Story and Photos by Dave Stamboulis
After a few weeks in the Galápagos Islands, you become somewhat immune to the epic proliferation of absurdly tame wildlife. Where else on the planet will bull sea lions waddle up to your beach towel, as if trying to take over your sunbathing spot? Where else can one stroll down to a beach bar for happy hour, only to find the best seats taken by snoozing sea lions or perhaps pelicans drying their wings? It seems that on the enchanted isles, you’re constantly tripping over your heels to avoid stepping on marine iguanas, dodging rainbow-coloured Sally Lightfoot crabs (most charmingly named after a Caribbean nightclub dancer!), or having to join a queue of stalled hikers or cyclists while an immense giant tortoise leisurely makes his way across the road.
Most folks think that a journey to the Galápagos is the trip of a lifetime, or at least the dream of a lifetime, due to the need to either win the lottery, rob a bank, or cash in a year’s worth of pay checks in order to afford the prohibitively expensive cruises to get to the remote Pacific isles far off the coast of Ecuador. Yet while the cruises are quite exorbitant, few know that the Galápagos do have several islands with human habitation and development, and it’s just as easy to base oneself on one or two of them, take day tours out to other islands, and see plenty of wildlife and stunning scenery, without having to face bankruptcy.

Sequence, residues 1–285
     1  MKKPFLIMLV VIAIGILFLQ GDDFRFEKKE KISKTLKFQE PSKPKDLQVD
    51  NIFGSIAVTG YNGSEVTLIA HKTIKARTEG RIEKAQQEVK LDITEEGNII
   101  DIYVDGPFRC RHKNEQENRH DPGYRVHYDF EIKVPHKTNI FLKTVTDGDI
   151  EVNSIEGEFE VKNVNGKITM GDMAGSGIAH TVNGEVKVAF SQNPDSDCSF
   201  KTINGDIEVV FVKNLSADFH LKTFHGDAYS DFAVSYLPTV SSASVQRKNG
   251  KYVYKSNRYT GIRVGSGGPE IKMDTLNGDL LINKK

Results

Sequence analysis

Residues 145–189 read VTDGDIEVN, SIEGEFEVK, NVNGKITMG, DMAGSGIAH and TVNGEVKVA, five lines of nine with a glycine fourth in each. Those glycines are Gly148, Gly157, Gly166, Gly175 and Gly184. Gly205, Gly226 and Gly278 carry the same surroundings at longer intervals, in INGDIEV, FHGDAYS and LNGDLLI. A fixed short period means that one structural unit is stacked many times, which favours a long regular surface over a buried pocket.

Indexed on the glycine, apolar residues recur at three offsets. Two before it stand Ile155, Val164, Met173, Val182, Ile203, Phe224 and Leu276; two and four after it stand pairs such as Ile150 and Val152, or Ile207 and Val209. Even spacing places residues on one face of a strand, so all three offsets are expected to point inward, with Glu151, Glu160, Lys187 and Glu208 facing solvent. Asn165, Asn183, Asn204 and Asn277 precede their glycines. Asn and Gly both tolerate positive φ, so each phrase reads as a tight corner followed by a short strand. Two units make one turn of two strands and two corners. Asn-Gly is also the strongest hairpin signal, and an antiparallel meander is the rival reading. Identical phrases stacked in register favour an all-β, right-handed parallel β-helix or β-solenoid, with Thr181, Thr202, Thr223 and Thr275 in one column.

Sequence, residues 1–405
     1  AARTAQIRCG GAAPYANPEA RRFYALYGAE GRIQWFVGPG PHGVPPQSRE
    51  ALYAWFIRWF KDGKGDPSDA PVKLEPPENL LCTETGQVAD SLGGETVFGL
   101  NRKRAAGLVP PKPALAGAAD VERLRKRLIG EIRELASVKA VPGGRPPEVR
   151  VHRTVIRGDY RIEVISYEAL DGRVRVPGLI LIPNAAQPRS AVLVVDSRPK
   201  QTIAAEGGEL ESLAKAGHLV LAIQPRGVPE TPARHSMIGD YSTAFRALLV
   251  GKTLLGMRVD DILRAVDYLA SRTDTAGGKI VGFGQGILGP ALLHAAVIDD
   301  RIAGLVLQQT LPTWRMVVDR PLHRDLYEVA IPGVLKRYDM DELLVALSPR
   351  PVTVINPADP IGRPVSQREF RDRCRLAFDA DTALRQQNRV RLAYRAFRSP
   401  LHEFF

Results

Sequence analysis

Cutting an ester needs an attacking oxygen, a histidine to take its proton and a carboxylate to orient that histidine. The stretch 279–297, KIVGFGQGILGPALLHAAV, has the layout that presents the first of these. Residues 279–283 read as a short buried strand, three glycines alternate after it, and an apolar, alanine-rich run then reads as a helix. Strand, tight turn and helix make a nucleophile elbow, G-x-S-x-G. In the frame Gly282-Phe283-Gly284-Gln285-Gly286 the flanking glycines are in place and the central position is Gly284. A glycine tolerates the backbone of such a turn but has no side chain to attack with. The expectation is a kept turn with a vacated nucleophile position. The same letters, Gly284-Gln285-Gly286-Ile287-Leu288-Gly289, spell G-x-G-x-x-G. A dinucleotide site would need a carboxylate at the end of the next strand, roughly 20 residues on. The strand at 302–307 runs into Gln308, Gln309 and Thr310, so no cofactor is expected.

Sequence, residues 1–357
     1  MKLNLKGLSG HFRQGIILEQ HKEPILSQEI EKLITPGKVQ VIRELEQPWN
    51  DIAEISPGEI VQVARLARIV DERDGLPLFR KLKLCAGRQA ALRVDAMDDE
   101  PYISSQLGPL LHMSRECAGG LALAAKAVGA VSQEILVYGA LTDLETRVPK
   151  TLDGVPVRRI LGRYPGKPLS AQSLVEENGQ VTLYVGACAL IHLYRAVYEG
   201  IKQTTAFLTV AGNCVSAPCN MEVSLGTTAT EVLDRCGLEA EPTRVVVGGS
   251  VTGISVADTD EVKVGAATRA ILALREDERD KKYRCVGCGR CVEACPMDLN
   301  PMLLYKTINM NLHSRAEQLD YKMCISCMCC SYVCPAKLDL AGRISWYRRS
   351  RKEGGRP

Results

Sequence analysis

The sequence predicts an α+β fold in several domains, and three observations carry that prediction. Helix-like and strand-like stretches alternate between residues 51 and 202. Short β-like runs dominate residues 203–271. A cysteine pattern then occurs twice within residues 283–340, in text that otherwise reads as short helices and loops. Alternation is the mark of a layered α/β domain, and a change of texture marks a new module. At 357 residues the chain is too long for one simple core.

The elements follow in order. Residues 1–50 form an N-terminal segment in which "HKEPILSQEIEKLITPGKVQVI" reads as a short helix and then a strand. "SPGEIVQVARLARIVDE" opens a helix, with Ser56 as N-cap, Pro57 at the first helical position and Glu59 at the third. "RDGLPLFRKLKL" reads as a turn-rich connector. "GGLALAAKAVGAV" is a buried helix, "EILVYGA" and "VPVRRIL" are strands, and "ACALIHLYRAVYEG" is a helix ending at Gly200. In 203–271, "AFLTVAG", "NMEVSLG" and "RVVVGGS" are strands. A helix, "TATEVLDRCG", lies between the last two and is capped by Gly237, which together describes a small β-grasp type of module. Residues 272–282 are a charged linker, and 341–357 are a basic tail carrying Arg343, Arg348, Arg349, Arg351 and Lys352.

My wife and I spent several weeks on Santa Cruz, San Cristobal, and Isabela islands, constantly amazed on a daily basis not only by the endemic bird and marine life populations (many of the species here are found only in the Galápagos), but even more by just how tame and fearless they are (something visitors have been astounded by since Darwin first noticed it in 1835, on the HMS Beagle’s first journey here).
It’s not just the frolicking sea lions. We had manta rays with fins the size of the great white in Jaws surrounding our boat, sharks swimming just metres below our feet while snorkelling (yet completely ignoring us), and unbelievably charming blue-footed boobies hatching their chicks just a few feet away, seemingly unperturbed by our presence. Fierce-looking primeval marine iguanas sit en-masse along bike paths or walkways, daring you to step on them, and even the tiniest finches come right up to your feet – or even your face – curious above anything else. While all of the species here are protected as part of the national park, our guide Maria tells us that the animals themselves have also adapted to “being safe”.
On an island with almost no predators, there is no need to build up defences or even have a flight or fight response. Skittish creatures, while well-programmed for escaping, use a lot of energy, and that energy would be wasted here. Instead, the Galápagos inhabitants use their daily calories for sitting in the sun, doing elaborate mating dances, and drying their wings and fur. Outside of a period of whaling in the 1500-1600s, the Galápagos have been pretty much left alone, and even when predators such as goats or rodents were introduced, National Park authorities were quick to step in – for example, eradicating all the islands’ goat populations several years ago to ensure the survival of other species.